Thursday, December 20, 2007

If I’m Going to Have Monks Coming Out of My Ears...

...I might as well play with them.

I scribbled the beginnings of this a while ago on the bus (the seven, oh, the seven) meditating on my favorite subject – gender and ascetics – and thought I would clean it up a bit and post it. However, the citations are going to be a bit hazy – given my current limited internet connectivity, and being half a world away from my library. (I rarely identify with St. Jerome – but I need to have my library, okay, man. Understand!)

The gut reaction in an encounter with hagiography is a sense that early Christians (or at least those who had time and education for writing) hated the physical body, and while it’s true that the relationship of Christianity with the body is a difficult one, but it is far more complicated than a simple rejection. (Barring a handful of folks here and there, who did flatly reject the physical body.)

So, if one looks at monasticism and asceticism not as a rejection of the body, but as a rejection of social constructions placed upon the body, requirements of sexual renunciation and celibacy take on a new meaning – relating back to the construction of gender and gender roles in Early Christianity.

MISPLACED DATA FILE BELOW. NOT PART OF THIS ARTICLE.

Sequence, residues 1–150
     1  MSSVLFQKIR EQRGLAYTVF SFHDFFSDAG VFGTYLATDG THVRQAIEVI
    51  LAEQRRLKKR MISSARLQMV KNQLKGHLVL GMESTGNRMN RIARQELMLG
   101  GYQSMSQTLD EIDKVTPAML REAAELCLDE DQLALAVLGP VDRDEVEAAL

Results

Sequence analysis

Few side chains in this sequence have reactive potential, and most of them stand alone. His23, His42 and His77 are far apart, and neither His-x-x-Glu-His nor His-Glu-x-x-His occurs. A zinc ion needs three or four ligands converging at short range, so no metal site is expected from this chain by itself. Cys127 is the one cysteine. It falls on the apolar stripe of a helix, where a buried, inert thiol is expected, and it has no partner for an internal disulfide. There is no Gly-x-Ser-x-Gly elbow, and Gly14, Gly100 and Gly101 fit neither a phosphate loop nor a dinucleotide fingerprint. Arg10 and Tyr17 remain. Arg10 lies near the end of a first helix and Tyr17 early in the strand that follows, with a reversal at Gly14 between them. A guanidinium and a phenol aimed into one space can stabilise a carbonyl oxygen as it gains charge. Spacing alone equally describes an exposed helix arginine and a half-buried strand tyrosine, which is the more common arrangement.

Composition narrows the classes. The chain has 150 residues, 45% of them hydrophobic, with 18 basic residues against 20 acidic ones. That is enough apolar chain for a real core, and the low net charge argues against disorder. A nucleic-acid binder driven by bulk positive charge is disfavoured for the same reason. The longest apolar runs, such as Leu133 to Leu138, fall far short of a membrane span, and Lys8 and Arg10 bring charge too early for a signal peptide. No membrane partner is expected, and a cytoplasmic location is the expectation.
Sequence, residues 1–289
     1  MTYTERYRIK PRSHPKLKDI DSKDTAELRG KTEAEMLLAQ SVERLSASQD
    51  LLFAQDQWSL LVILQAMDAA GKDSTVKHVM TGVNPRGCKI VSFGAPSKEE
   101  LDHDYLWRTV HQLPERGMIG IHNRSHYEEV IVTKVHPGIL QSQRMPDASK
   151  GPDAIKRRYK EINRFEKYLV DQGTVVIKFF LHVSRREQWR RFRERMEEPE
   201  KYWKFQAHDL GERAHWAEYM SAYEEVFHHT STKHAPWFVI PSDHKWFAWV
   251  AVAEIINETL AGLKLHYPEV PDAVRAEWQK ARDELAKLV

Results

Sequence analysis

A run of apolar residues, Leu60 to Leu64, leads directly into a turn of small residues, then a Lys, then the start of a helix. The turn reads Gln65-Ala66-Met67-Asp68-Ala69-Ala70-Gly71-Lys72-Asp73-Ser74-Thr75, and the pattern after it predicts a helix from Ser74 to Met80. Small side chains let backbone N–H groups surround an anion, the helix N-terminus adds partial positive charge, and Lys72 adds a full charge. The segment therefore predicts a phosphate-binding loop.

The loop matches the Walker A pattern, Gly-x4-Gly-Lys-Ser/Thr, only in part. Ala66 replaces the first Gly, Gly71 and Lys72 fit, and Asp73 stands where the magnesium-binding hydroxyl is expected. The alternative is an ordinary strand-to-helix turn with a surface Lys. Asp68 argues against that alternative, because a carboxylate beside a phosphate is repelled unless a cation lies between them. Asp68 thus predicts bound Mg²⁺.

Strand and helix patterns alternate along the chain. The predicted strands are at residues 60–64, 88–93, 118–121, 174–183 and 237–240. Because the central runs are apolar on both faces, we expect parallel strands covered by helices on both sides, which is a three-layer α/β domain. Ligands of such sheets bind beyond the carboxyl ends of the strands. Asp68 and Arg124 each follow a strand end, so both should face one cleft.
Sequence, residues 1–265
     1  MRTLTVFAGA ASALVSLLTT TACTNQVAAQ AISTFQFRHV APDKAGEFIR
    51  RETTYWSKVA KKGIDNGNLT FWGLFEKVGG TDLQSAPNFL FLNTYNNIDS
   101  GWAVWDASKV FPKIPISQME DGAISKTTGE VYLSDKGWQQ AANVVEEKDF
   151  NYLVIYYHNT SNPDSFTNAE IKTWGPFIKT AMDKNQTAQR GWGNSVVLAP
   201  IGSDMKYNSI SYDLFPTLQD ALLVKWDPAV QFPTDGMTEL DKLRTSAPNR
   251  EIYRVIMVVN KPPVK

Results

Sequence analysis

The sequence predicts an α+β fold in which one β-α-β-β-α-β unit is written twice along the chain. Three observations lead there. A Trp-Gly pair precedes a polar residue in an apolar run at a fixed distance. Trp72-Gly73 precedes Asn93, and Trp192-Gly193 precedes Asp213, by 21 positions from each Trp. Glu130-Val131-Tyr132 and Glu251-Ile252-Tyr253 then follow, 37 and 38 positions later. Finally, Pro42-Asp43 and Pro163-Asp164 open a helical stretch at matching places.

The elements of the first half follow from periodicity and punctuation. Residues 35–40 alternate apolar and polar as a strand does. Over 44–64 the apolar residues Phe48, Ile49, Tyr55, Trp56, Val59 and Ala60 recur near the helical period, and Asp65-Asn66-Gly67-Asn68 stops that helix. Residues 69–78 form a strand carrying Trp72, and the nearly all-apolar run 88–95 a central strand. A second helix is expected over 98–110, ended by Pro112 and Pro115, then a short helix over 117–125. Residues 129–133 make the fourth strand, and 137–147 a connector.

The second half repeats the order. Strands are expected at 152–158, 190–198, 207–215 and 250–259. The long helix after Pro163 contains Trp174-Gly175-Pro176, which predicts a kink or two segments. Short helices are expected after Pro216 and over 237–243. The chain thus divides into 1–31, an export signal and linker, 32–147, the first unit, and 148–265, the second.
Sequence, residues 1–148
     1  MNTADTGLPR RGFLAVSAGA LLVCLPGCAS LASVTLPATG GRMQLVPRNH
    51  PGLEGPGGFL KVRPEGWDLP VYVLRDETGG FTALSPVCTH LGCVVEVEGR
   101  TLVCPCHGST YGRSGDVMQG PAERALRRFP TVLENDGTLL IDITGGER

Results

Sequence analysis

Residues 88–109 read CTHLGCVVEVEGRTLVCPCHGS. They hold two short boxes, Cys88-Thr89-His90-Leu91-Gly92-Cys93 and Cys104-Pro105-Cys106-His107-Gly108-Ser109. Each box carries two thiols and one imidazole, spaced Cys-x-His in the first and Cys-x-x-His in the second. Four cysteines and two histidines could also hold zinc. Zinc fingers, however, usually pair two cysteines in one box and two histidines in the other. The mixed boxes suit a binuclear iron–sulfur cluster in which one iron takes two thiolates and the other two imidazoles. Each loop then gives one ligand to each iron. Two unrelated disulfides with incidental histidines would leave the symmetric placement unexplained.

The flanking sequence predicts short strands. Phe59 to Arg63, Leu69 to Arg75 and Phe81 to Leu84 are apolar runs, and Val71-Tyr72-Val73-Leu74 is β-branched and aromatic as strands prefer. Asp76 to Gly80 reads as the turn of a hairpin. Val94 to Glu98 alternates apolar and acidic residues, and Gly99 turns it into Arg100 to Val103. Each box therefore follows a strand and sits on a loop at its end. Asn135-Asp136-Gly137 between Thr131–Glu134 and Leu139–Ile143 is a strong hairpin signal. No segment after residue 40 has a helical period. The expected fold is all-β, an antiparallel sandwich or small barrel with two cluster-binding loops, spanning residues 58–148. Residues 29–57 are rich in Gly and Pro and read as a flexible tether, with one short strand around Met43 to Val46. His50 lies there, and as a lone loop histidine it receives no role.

For example, this offers an alternative reading of the separation of male and female bodied persons into single-sex monasteries. The practice may not necessarily reinforce gender roles and boundaries. By removing the physical differentiation of sex, monasteries could also remove the temptation to attach social meaning to that physical difference. As there aren't men and women in a single sex monastery, so there aren't men's roles and women's roles within the microsociety of the monastery. Further there is evidence in the Lives and Sayings of the Desert Fathers and Mothers that this lesson was intended to extend to the monastic’s interactions with society as a whole. (I’m thinking of the anecdote in which one of the desert mothers upbraids two monks for making her femaleness an issue – which might be in the Sayings or might have been in The Forgotten Desert Mothers, which is by Laura Swan.)

Obviously, it would be a mistake on my part to attempt to argue that everyone in Early Christianity was thinking along these lines. There’s more than enough misogynists running about through early Christianity. (Tertullian, Jerome, Augustine – I blame you three for many, many things.) And lots of ascetic hagiography is heavy on the “woman-hating” as my sister termed it after what, I suspect, will be her first and last Religious Studies class.

But we’re not talking about a monolith here. ;D And I’m fairly convinced that a decent minority of early Christians were out to overthrow gender norms.

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